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Big_Katuna
Explorer II
Explorer II
As another poster said, the African word for Okra is Gumbo.

If it doesn't have Okra in it its soup, not Gumbo.

And Roux can be Blonde, too.

I make Roux in the oven. Cast iron Dutch oven, a cup of flour , cup of canola, 350 for 90 minutes, scraping and stirring every 15 minutes. Finish on stove top 5 minutes stirring on low. Alton Brown taught me.
My Kharma ran over my Dogma.

DeanRIowa
Explorer
Explorer
The end results turned out pretty good. I was told it tasted like Gumbo, but being from the north there was noone who had eaten it more then once or twice.




Thanks again for everyone's help.

Dean
2015 Summerland 2820 BHGS
2016 Silverado
DW Esmeralda, DS Mathew, DD Natalie

NYCgrrl
Explorer
Explorer
DeanRIowa wrote:
I am making the Gumbo Wednesday for lunch at work in a crock-pot.

Tonight though, I made the roux:


How do I know if roux is burnt? To me the whole time it smelled like hot oil(corn) while cooking(wife said burning) and for me the taste is like oil and flour. It almost has a nutty flavor. I whisked and stirred with spatula the whole time over medium hot for 40 minutes.



Dean


A nutty smell and flavour is a good thing! Means the flour is fully cooked and should incorporate with the liquid ingredients with ease.
If it was burnt well you'd know it....smells sorta like black toast.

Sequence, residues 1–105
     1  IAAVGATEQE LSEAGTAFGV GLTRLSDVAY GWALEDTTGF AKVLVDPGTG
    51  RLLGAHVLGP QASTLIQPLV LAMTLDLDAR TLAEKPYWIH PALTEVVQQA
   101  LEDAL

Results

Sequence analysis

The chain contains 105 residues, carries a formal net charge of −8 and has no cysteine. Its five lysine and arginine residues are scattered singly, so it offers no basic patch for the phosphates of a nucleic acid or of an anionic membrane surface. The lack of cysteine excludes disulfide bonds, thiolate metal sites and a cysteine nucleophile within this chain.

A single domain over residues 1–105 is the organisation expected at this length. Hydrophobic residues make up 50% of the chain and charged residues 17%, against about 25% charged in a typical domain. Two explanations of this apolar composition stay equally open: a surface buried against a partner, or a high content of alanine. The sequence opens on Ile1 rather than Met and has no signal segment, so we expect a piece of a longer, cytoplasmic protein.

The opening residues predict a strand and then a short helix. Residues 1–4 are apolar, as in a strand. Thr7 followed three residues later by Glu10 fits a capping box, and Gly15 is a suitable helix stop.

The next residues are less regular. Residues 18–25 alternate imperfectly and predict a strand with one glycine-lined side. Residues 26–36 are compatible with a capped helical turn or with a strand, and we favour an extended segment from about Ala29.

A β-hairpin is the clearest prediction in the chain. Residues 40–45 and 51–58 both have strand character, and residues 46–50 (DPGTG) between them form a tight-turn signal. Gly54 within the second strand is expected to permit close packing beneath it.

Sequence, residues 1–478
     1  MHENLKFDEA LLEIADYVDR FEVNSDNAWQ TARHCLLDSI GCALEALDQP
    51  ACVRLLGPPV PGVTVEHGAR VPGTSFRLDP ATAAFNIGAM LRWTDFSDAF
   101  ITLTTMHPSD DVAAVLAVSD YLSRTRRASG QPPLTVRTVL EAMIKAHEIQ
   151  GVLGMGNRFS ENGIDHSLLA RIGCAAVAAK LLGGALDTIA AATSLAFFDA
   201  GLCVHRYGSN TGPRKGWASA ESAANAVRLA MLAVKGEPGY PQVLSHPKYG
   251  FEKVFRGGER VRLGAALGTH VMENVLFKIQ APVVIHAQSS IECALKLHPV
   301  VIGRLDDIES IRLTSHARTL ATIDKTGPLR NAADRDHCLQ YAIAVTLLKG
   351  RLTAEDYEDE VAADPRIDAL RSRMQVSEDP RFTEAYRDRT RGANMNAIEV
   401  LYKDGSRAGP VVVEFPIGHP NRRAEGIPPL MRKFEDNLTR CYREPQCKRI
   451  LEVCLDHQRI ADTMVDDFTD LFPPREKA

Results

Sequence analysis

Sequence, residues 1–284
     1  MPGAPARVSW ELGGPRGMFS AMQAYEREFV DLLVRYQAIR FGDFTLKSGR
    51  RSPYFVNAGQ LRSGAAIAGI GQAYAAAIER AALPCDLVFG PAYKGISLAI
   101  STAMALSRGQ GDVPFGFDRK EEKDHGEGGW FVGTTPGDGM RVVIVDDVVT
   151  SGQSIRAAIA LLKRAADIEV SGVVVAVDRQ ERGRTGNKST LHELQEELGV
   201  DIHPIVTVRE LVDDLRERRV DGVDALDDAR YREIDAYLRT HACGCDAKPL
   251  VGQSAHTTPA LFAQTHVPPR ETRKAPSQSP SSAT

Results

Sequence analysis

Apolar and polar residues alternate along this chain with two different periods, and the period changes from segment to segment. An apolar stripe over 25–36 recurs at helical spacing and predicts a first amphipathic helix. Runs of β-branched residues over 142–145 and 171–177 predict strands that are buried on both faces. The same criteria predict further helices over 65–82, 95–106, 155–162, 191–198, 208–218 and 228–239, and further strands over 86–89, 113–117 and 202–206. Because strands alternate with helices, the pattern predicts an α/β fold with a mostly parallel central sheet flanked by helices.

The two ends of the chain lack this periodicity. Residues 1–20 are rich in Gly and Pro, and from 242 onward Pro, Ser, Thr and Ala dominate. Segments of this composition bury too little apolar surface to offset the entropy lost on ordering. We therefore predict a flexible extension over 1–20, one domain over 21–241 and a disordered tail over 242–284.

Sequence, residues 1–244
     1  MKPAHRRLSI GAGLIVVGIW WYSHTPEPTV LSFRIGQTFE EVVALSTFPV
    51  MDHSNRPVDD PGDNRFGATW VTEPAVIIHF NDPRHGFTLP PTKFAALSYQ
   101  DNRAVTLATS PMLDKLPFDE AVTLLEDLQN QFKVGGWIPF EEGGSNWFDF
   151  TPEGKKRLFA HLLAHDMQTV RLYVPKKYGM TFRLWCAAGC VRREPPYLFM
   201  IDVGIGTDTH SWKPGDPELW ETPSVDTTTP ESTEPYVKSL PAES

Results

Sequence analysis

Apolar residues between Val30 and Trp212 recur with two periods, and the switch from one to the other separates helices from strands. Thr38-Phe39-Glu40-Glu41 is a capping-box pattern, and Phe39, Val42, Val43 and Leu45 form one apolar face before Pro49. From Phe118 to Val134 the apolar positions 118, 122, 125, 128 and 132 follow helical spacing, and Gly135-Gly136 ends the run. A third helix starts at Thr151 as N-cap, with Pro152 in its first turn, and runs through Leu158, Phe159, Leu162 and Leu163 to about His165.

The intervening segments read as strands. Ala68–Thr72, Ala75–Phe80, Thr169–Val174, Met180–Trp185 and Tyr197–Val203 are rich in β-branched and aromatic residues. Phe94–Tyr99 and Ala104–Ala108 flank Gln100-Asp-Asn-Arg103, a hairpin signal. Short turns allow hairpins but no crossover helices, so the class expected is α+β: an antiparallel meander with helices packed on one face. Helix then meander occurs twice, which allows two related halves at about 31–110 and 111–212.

You are doing fine for my sight:).

DeanRIowa
Explorer
Explorer
I am making the Gumbo Wednesday for lunch at work in a crock-pot.

Tonight though, I made the roux:


How do I know if roux is burnt? To me the whole time it smelled like hot oil(corn) while cooking(wife said burning) and for me the taste is like oil and flour. It almost has a nutty flavor. I whisked and stirred with spatula the whole time over medium hot for 40 minutes.



Dean
2015 Summerland 2820 BHGS
2016 Silverado
DW Esmeralda, DS Mathew, DD Natalie

Swamp_Rat
Explorer
Explorer
All good cooks will taste the pot before declaring it done...best to need salt at the end than too much in the pot...I also add chopped green onions and parsley when I turn it off to sit for 15 min...

Vintage465
Explorer III
Explorer III
I went ahead and made the gumbo on the like provided in the first post. It is surprisingly good. Mostly I found it was a little light on salt/seasoning. I just sat down with a bottle Tabasco and a shaker of Zatarains and every thing was fine. I've made gumbo many times with roux's and the flavor is certainly better, but I feel it is reasonable trade off for the lower calories. Since I took a supervisor job I've tacked on 35 pounds of tallow................
V-465
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Ron3rd
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Explorer
A friend always makes the Paul Prudhomme recipe and it's pretty good.

Paul Prodhomme's Gumbo
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derouen6
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Explorer
Well said Crodad.

Crodad
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Explorer
Learn to make a roux from scratch. You can make a lot of different meals with a roux. Like a Gumbo, stew, a creole. South Louisiana gumbos and New Orleans gumbos are not the same. Here we make gumbos with and without okra and "NO TOMATOES". For a stew make a roux without as much water so it's thicker add chicken, shrimp, crawfish or make a beef stew. For a Creole, add tomato paste to the roux and brown it, then add shrimp or chicken (also may be called a sause piquant).

roux

1/4 cup oil ( I use just a little bit more)
1/2 cup flour

cook stirring constantly till dark brown. Add 1 oinion. lower heat and cook till onions are soft.

roux is done enjoy.